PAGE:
The 5 most charming neighbourhoods to explore
The miniature yellow city of Bromley, built in the 1850s, is an early example of Danish social housing. Founded by a group of physicians during the Copenhagen cholera epidemic of 1853, Brumleby is now protected as a historic city landmark. Tip: this is still an active (and friendly) community, so when you visit Brumleby, remember to respect the residents’ privacy.
Just around the corner from Brumleby is a single street of brightly coloured row houses facing each other across a street. Usually local kids are playing and neighbours are chatting on their terraces. Unlike Brumleby, the original owners of the houses on Olufsvej were mostly artisans, clerks, and merchants.
The charming fishing village of Skovshoved, with roots dating back to the 13th century, is located north of Copenhagen and immediately west of the newly-expanded Skovshoved Harbour. The wives of the area’s fishermen were famous for carrying each day’s catch on their backs all the way to Copenhagen’s markets, 11 kilometres away. Today, many of the historic thatch-roofed cottages and narrow village streets remain.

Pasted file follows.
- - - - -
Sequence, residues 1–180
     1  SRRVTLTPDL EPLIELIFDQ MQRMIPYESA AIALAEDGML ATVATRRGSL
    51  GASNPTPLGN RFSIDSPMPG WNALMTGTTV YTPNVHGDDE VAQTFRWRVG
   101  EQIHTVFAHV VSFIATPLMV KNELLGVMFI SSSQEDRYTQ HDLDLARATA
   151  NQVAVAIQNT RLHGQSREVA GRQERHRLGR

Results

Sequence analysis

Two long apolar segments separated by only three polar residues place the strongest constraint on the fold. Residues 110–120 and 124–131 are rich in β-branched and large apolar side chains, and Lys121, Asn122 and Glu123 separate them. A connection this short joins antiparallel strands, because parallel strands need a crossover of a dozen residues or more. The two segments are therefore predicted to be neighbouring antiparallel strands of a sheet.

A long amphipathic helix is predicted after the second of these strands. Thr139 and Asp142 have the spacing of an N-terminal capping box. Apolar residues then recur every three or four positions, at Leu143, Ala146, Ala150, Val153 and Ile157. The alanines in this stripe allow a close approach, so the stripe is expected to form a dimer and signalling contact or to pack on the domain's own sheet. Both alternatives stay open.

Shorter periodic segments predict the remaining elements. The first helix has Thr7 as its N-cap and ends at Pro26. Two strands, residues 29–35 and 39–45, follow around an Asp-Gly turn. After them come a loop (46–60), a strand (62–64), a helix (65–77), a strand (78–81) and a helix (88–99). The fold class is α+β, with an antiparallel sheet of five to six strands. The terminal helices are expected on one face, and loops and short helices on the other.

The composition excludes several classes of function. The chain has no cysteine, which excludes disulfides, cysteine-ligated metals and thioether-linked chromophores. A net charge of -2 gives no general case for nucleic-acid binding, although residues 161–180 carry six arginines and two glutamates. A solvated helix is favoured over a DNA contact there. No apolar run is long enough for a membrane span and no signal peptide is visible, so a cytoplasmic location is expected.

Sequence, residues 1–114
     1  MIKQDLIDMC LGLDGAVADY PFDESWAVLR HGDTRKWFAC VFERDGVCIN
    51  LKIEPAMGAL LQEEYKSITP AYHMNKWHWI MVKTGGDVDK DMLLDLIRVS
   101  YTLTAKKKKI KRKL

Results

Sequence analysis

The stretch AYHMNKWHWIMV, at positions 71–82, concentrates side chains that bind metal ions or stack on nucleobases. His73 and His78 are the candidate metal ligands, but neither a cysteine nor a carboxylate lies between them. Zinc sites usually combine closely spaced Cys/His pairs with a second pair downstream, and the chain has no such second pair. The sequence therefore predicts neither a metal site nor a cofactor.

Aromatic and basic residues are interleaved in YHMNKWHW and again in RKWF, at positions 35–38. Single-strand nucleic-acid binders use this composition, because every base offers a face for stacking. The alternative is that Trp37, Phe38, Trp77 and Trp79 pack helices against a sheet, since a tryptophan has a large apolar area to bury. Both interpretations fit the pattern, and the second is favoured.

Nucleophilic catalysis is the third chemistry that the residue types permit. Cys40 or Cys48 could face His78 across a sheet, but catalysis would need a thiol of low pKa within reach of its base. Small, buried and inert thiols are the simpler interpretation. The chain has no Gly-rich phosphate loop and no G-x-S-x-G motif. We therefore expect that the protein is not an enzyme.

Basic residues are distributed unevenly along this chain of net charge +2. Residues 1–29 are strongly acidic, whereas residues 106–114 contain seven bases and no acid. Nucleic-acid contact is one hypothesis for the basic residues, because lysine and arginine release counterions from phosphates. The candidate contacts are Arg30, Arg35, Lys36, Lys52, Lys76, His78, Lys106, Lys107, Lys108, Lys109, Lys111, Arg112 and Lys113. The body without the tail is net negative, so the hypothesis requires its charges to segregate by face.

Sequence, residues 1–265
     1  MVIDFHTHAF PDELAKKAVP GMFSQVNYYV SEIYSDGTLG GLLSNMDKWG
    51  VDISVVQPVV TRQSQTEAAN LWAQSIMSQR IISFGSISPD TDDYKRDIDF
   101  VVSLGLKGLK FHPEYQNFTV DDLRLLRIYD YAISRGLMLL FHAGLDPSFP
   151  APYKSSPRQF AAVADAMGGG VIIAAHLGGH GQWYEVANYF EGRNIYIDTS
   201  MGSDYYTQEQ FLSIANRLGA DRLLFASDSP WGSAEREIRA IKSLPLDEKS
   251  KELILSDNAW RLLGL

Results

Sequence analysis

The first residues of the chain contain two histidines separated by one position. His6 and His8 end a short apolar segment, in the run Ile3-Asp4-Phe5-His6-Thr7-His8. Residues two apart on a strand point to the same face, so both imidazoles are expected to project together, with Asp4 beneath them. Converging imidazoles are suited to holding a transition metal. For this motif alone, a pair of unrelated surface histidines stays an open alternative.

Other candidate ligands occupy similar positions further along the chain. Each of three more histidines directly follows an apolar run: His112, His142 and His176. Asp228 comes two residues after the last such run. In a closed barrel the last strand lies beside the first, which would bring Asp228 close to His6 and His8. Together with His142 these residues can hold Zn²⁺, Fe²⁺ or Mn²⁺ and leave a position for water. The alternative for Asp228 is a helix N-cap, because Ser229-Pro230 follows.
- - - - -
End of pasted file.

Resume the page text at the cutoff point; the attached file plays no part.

First developed by King Christian IV in the 17th century, the ochre-coloured buildings of Nyboder (new small houses) were originally built as barracks for the Royal Navy. Mostly unchanged since the 18th century, the iconic neighbourhood of Nyboder was featured in the creative works of both S.ren Kierkegaard and Hans Christian Andersen.
5) Farimagsgade District
Consisting of nearly 500 terraced ‘potato row’ houses built in the 1870s, the English-style homes of the Farimagsgade District were originally built to provide healthy housing for the city’s poor. Today, these charming lakeside homes are some of the most desirable in Copenhagen’s centre.
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